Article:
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IT leaders aren't all coming from tech

Sharon Florentine | Sept. 25, 2014
Today's IT leadership looks a lot different than in years past. Many are climbing the ladder from marketing, sales and other departments.

The milestones along the traditional path to IT leadership look a lot like this: Earn a computer science degree, serve an IT internship, take development courses, gain coding experience, obtain certifications and sign up for management training specific to technology. However, as IT increasingly becomes a business strategy enabler, IT leaders are being promoted from places like the sales or marketing department.

Francis Li, vice president of IT at technology solutions and services provider Softchoice is a perfect example. Francis's early years at Softchoice began in hardware, and he later moved on to roles in the marketing and sales teams.

This initial experience sparked his interest in and aptitude for information systems, giving Francis the ability to segue into more technical — and he now leads Softchoice's IT department and sets strategy around business intelligence, ecommerce and infrastructure, according to Li.

"I started in July 2002 as a hardware operations person, making sure we were ready to sell hardware to our customers, initiating vendor relationships and customers to move hardware," says Li. "After that, I moved into marketing and eventually to director of marketing; I spent four years in that role. Then, I was given the opportunity to move into telesales and worked up to managing our entire telesales organization," he says.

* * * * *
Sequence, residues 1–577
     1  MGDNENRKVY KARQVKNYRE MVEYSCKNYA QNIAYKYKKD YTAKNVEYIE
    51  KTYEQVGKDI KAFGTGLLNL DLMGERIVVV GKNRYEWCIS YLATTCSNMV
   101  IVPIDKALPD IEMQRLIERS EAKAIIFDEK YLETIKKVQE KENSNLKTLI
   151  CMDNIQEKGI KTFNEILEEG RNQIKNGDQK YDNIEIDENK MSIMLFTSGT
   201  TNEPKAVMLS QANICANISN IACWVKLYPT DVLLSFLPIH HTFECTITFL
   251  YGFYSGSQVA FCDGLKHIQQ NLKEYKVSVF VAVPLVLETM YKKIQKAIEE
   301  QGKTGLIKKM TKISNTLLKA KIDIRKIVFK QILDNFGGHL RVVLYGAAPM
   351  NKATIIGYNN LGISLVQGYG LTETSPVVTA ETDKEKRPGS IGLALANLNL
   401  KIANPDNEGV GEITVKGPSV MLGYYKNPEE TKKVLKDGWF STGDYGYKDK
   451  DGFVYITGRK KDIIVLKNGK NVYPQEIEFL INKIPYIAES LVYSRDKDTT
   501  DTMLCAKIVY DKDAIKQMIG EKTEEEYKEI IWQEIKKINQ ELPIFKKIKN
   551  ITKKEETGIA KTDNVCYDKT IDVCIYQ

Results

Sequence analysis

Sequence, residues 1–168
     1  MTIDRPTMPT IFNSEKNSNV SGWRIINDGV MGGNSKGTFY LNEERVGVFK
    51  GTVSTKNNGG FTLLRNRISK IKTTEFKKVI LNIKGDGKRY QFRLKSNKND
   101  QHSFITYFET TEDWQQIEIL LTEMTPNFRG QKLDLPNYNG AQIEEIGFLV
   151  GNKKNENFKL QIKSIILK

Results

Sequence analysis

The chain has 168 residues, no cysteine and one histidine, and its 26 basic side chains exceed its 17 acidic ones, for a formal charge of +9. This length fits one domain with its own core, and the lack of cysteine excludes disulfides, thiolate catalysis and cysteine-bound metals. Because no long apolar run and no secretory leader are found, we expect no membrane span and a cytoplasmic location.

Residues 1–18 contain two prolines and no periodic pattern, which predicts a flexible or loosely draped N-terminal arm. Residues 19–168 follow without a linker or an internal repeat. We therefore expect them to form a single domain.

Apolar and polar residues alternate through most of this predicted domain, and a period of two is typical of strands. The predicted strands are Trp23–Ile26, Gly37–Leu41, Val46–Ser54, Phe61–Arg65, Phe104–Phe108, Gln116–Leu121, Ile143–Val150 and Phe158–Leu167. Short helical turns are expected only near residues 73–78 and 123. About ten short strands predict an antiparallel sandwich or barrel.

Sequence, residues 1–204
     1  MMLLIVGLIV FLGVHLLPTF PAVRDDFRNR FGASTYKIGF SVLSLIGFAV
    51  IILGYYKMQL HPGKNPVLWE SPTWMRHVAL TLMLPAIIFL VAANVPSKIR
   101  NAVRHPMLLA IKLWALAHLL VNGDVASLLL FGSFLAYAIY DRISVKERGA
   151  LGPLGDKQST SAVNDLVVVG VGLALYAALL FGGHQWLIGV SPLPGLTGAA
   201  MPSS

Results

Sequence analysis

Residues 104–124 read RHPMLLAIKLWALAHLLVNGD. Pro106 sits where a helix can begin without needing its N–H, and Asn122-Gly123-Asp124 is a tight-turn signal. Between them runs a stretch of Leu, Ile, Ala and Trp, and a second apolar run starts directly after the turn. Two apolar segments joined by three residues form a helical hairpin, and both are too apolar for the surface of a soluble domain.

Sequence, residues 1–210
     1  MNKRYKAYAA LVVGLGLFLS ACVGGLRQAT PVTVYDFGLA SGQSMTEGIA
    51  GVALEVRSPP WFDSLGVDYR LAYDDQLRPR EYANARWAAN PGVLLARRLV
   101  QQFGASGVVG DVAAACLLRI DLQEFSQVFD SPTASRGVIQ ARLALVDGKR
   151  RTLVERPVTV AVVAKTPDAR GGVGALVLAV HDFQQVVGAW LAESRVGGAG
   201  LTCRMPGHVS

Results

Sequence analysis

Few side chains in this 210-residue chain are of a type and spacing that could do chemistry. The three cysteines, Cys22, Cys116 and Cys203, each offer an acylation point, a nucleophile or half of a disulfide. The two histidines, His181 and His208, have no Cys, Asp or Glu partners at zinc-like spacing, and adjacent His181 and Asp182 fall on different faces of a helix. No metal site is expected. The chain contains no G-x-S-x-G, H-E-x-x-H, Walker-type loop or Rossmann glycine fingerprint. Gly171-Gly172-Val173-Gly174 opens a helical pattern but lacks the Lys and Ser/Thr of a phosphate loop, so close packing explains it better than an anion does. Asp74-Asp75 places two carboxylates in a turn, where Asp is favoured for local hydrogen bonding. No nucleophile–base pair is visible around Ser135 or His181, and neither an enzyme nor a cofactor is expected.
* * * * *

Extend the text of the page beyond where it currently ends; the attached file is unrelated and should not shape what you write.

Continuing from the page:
How Technology Drives Business

Li says he's always had an interest in how technology could be leveraged to drive speed and efficiency in business and how technology could improve return on investment for innovative companies wiling to invest. It was this curiosity about the intersection of business and technology that led him to and through roles in very different departments, and that cross-functional experience gives Softchoice a competitive advantage.

"The multiple perspectives I have on different areas of the business has helped us be much more innovative and 'self-aware,'" says Li. "Because I've been in so many varied roles, I also have the 'street cred' when I'm having conversations with marketing and sales. Because I speak from first-hand experience, I can empathize with the challenges they have. I can help them understand how to either better leverage the technology we do have, or to redesign or re-architect the tech, or make smarter purchasing decisions for the business," he says.

Understanding Internal Customers

It's also important, Li says, to understand business strategy to help line-of-business managers who are using the cloud and software-as-a-service (SaaS) to make technology purchases without IT's guidance.

"IT infrastructure and technology has come so far in the last few years. In the past, if a manager wanted to spin up some new technology, or deploy a new software solution, they'd have no choice but to go through IT. With SaaS and the cloud, they can bypass IT totally, and that can lead to integration problems, compatibility problems, even personnel and training issues," Li says.


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